android:host="gizmos" />
    </intent-filter>
</activity>

Notice that the two intent filters only differ by the <data> element. Although it's possible to include multiple <data> elements in the same filter, it's important that you create separate filters when your intention is to declare unique URLs (such as a specific combination of scheme and host), because multiple <data> elements in the same intent filter are actually merged together to account for all variations of their combined attributes. For example, consider the following:

<intent-filter>
  ...
  <data android:scheme="https" android:host="www.example.com" />
  <data android:scheme="app" android:host="open.my.app" />
</intent-filter>

It might seem as though this supports only https://www.example.com and app://open.my.app. However, it actually supports those two, plus these: app://www.example.com and https://open.my.app.

Once you've added intent filters with URIs for activity content to your app manifest, Android is able to route any Intent that has matching URIs to your app at runtime.

To learn more about defining intent filters, see Allow Other Apps to Start Your Activity.

Read data from incoming intents

Once the system starts your activity through an intent filter, you can use data provided by the Intent to determine what you need to render. Call the getData() and getAction() methods to retrieve the data and action associated with the incoming Intent. You can call these methods at any time during the lifecycle of the activity, but you should generally do so during early callbacks such as onCreate() or onStart().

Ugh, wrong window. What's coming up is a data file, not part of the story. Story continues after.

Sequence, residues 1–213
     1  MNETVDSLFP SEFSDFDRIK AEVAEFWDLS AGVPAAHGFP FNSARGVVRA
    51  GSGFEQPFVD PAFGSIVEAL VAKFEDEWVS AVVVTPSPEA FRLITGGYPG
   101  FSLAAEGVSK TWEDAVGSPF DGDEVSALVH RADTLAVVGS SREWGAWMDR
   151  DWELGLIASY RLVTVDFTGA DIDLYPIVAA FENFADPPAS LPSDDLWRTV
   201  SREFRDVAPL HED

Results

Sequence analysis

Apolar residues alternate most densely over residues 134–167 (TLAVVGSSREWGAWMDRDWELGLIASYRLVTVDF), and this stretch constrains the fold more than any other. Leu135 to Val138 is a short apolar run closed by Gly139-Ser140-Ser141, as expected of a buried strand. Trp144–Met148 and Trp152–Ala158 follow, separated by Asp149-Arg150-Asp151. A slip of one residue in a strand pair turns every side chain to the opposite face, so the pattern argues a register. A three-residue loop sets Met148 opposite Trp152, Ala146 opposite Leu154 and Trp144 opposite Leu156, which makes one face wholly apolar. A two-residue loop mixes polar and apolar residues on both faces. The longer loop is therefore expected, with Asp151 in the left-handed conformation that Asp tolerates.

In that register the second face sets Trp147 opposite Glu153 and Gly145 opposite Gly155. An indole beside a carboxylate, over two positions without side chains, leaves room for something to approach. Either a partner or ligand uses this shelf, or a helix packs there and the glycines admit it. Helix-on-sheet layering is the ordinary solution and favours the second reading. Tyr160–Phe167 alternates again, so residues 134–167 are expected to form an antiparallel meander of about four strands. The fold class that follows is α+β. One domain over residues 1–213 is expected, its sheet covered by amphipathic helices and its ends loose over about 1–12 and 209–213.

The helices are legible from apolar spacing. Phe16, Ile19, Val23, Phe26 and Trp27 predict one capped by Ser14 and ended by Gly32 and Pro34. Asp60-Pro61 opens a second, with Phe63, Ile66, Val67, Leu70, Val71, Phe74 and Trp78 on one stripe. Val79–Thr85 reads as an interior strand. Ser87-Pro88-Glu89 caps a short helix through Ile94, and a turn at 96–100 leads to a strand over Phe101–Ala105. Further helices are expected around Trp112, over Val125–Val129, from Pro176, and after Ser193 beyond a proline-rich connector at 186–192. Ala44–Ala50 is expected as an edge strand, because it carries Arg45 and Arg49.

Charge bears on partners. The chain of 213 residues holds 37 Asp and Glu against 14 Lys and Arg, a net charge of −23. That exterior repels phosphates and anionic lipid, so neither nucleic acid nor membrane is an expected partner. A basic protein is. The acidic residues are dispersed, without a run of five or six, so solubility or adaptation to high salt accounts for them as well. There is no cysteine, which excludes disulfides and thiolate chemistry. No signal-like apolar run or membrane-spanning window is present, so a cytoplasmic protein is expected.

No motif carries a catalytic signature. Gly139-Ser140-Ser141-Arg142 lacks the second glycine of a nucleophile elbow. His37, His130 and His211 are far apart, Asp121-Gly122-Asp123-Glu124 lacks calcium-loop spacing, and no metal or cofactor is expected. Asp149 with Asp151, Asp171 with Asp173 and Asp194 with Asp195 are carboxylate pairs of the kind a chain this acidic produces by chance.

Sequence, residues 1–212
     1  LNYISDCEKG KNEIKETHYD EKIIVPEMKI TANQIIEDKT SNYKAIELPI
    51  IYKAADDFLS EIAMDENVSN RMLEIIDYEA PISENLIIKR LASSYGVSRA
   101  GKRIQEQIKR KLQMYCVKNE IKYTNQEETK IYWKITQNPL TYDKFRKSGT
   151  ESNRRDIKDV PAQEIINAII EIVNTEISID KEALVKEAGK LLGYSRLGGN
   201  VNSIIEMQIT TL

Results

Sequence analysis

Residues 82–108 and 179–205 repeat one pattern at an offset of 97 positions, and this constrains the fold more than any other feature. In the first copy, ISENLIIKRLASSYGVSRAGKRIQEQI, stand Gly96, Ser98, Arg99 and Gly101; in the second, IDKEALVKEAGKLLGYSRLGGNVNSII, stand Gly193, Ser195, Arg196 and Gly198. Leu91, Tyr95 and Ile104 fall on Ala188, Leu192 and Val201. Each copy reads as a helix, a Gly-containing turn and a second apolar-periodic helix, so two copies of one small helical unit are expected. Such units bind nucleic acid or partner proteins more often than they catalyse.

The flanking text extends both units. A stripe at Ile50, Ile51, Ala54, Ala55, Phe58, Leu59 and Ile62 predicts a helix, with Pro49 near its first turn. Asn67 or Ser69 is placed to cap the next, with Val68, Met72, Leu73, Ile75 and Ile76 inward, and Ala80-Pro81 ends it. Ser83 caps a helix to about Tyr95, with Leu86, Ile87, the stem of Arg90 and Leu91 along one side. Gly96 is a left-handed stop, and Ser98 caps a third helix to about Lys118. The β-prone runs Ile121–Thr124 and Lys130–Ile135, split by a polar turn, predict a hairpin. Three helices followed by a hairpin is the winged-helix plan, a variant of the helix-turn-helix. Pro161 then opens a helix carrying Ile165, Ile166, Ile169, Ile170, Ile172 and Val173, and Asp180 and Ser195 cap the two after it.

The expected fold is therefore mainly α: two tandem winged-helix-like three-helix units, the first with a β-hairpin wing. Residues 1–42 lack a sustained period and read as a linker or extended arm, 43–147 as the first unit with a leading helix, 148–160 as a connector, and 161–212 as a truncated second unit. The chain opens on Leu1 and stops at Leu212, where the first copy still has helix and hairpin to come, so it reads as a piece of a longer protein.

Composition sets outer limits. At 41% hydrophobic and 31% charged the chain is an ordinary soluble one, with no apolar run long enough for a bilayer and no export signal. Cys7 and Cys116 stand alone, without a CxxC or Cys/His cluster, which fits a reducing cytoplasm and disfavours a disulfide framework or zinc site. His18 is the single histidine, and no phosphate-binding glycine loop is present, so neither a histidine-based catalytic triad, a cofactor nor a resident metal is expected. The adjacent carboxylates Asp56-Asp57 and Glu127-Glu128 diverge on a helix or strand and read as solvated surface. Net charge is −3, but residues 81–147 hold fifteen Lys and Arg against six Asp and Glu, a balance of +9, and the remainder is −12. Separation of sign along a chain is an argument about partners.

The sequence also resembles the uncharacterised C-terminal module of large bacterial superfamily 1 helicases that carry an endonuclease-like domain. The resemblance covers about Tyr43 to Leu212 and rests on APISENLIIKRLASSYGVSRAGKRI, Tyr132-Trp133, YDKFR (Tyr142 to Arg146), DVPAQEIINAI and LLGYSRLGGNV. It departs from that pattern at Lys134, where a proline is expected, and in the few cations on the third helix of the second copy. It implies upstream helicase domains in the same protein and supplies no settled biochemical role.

Here’s a snippet that shows how to retrieve data from an Intent:

@Override
public void onCreate(Bundle savedInstanceState) {
    super.onCreate(savedInstanceState);
    setContentView(R.layout.main);

    Intent intent = getIntent();
    String action = intent.getAction();
    Uri data = intent.getData();
}

Follow these best practices to improve the user's experience:

Test your deep links

You can use the Android Debug Bridge with the activity manager (am) tool to test that the intent filter URIs you specified for deep linking resolve to the correct app activity. You can run the adb command against a device or an emulator.

The general syntax for testing an intent filter URI with adb is:

$ adb shell am start
        -W -a android.intent.action.VIEW
        -d <URI> <PACKAGE>

For example, the command below tries to view a target app activity that is associated with the specified URI.

$ adb shell am start
        -W -a android.intent.action.VIEW
        -d "example://gizmos" com.example.android

The manifest declaration and intent handler you set above define the connection between your app and a website and what to do with incoming links. However, in order to have the system treat your app as the default handler for a set of URIs, you must also request that the system verify this connection. The next lesson explains how to implement this verification.